- The chance of support and intervention in secure care/Young Offenders Institution (YOI) being successful and children having positive outcomes is improved by the nature, quality and length of support on return to the community.
- Children who leave establishments without resources, support and coordination between agencies have a higher risk of returning to secure care/custody. Support is a fundamental part of successful reintegration and helps children on their journey of change to see a way towards a more positive identity away from that linked to being in conflict with the law, and a future.
Post sentence supports should be tailored to individual need and meeting these needs, be detailed in the Child’s Plan, adopt a GIRFEC approach, and reflect the research findings on effective supports as detailed in secure care - transitions. This should combine personal support, to help children see the way forward towards a more positive identity and future and the pathways that can help to achieve this, alongside structural support; often including accommodation, education, training and employment, health and substance misuse, involvement of families and financial stability (Hazel et al., 2017) (see CYCJ, 2020 for more information). This will require the involvement of a range of agencies with responsibility for the child’s care and support. Where children are transitioning to other services, such as adult services, the child must have an identified professional contact to take over from the lead professional and all relevant information, including the child’s views, plans, risk assessments, formulations and risk reduction plans must be shared as part of the transition planning (Scottish Government, 2021).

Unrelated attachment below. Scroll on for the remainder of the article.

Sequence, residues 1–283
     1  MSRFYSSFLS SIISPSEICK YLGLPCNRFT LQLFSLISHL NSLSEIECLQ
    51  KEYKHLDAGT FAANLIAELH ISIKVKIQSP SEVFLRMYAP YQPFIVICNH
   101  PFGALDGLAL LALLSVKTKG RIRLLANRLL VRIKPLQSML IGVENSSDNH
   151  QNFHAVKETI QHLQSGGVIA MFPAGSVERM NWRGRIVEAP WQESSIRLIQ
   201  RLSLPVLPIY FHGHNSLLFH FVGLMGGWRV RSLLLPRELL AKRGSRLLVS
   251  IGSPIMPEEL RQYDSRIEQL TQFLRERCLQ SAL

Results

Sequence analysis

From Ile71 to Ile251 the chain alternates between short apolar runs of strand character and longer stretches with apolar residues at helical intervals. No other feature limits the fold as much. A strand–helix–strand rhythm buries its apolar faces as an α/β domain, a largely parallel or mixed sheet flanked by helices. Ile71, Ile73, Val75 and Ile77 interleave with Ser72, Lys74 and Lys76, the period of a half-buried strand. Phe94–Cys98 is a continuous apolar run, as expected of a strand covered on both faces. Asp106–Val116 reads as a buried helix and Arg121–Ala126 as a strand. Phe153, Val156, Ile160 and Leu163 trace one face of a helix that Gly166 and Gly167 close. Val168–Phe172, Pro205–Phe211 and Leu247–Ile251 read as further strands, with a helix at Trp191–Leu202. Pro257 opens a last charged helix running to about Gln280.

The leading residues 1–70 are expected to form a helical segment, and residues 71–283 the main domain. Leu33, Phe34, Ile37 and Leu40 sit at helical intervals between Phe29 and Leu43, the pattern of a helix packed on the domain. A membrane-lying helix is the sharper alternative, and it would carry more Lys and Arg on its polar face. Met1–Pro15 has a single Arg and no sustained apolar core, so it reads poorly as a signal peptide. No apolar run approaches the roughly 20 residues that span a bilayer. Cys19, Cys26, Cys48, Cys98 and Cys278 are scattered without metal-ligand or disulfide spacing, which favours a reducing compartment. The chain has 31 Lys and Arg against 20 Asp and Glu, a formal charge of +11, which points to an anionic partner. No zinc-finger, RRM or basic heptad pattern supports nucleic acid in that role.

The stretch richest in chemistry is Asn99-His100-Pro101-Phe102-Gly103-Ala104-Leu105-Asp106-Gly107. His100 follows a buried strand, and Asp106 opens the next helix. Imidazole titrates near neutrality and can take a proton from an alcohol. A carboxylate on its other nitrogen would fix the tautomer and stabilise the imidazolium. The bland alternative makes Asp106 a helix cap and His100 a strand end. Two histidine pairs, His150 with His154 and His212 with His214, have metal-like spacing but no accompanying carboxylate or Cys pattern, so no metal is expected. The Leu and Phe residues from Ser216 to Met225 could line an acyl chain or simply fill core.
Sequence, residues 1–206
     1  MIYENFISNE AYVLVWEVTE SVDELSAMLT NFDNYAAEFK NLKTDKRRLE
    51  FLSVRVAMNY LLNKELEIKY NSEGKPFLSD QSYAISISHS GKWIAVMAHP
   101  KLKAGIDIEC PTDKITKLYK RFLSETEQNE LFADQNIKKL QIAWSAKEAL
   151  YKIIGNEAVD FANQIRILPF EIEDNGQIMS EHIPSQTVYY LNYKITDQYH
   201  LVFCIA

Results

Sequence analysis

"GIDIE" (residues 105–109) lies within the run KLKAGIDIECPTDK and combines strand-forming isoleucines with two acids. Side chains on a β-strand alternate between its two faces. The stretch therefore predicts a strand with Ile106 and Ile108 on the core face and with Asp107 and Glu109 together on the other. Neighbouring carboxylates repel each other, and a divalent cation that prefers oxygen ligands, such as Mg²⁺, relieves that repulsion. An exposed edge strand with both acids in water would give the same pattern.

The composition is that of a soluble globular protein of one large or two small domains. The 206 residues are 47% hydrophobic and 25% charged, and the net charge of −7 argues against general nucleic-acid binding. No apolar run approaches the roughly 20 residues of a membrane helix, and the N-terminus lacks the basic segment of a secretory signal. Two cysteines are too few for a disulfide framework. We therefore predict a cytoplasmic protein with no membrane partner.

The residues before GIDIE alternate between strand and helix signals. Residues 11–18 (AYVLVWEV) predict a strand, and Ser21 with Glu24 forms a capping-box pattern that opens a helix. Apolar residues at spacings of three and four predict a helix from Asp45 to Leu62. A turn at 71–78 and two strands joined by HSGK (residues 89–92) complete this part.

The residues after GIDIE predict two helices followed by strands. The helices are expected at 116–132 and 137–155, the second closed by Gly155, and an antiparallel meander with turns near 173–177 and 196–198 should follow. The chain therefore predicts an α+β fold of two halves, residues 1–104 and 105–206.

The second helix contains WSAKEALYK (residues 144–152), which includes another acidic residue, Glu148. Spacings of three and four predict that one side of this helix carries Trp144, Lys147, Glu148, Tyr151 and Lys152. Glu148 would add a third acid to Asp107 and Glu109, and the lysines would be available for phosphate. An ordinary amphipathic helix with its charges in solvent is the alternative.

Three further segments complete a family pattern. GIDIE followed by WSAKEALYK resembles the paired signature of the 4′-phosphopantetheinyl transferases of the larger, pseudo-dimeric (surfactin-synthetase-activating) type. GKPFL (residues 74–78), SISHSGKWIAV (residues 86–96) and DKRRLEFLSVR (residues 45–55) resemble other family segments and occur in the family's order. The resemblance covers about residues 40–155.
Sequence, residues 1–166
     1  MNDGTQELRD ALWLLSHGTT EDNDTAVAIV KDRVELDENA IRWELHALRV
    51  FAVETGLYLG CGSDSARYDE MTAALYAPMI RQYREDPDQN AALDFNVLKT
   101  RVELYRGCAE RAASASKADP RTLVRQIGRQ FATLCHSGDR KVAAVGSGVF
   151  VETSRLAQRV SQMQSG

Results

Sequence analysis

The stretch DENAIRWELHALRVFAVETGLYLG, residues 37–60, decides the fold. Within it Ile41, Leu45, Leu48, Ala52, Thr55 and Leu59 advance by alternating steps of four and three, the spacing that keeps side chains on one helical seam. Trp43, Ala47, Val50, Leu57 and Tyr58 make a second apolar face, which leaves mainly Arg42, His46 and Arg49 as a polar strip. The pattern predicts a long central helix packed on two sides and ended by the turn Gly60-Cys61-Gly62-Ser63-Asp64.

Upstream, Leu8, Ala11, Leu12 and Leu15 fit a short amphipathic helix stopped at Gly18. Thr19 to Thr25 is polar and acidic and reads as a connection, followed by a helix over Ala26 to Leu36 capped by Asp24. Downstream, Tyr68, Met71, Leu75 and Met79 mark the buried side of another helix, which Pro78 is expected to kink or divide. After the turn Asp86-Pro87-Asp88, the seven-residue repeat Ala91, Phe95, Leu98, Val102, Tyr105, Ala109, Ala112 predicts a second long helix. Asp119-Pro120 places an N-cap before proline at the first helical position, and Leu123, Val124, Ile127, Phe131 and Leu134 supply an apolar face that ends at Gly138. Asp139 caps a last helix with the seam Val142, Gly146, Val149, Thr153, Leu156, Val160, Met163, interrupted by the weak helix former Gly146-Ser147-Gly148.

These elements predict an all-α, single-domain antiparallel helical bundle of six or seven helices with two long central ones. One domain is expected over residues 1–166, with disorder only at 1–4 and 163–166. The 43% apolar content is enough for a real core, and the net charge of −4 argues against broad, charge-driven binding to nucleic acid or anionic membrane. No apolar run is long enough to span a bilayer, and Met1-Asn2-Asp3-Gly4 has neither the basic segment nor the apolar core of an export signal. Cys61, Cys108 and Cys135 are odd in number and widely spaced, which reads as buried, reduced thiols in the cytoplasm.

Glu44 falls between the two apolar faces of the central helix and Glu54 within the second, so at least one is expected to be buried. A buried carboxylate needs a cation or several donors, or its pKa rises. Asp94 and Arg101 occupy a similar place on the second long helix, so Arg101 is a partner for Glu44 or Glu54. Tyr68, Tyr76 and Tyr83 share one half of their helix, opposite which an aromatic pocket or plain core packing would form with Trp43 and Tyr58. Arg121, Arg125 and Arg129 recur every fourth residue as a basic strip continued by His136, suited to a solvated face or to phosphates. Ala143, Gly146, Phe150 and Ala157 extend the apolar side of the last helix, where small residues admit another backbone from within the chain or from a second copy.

Many third sector organisations provide support to children on return to the community. This can include continuing to provide services that commenced while the child was subject to a sentence, as well as throughcare support services for individuals leaving short sentences and not subject to post-release supervision.
Children released on licence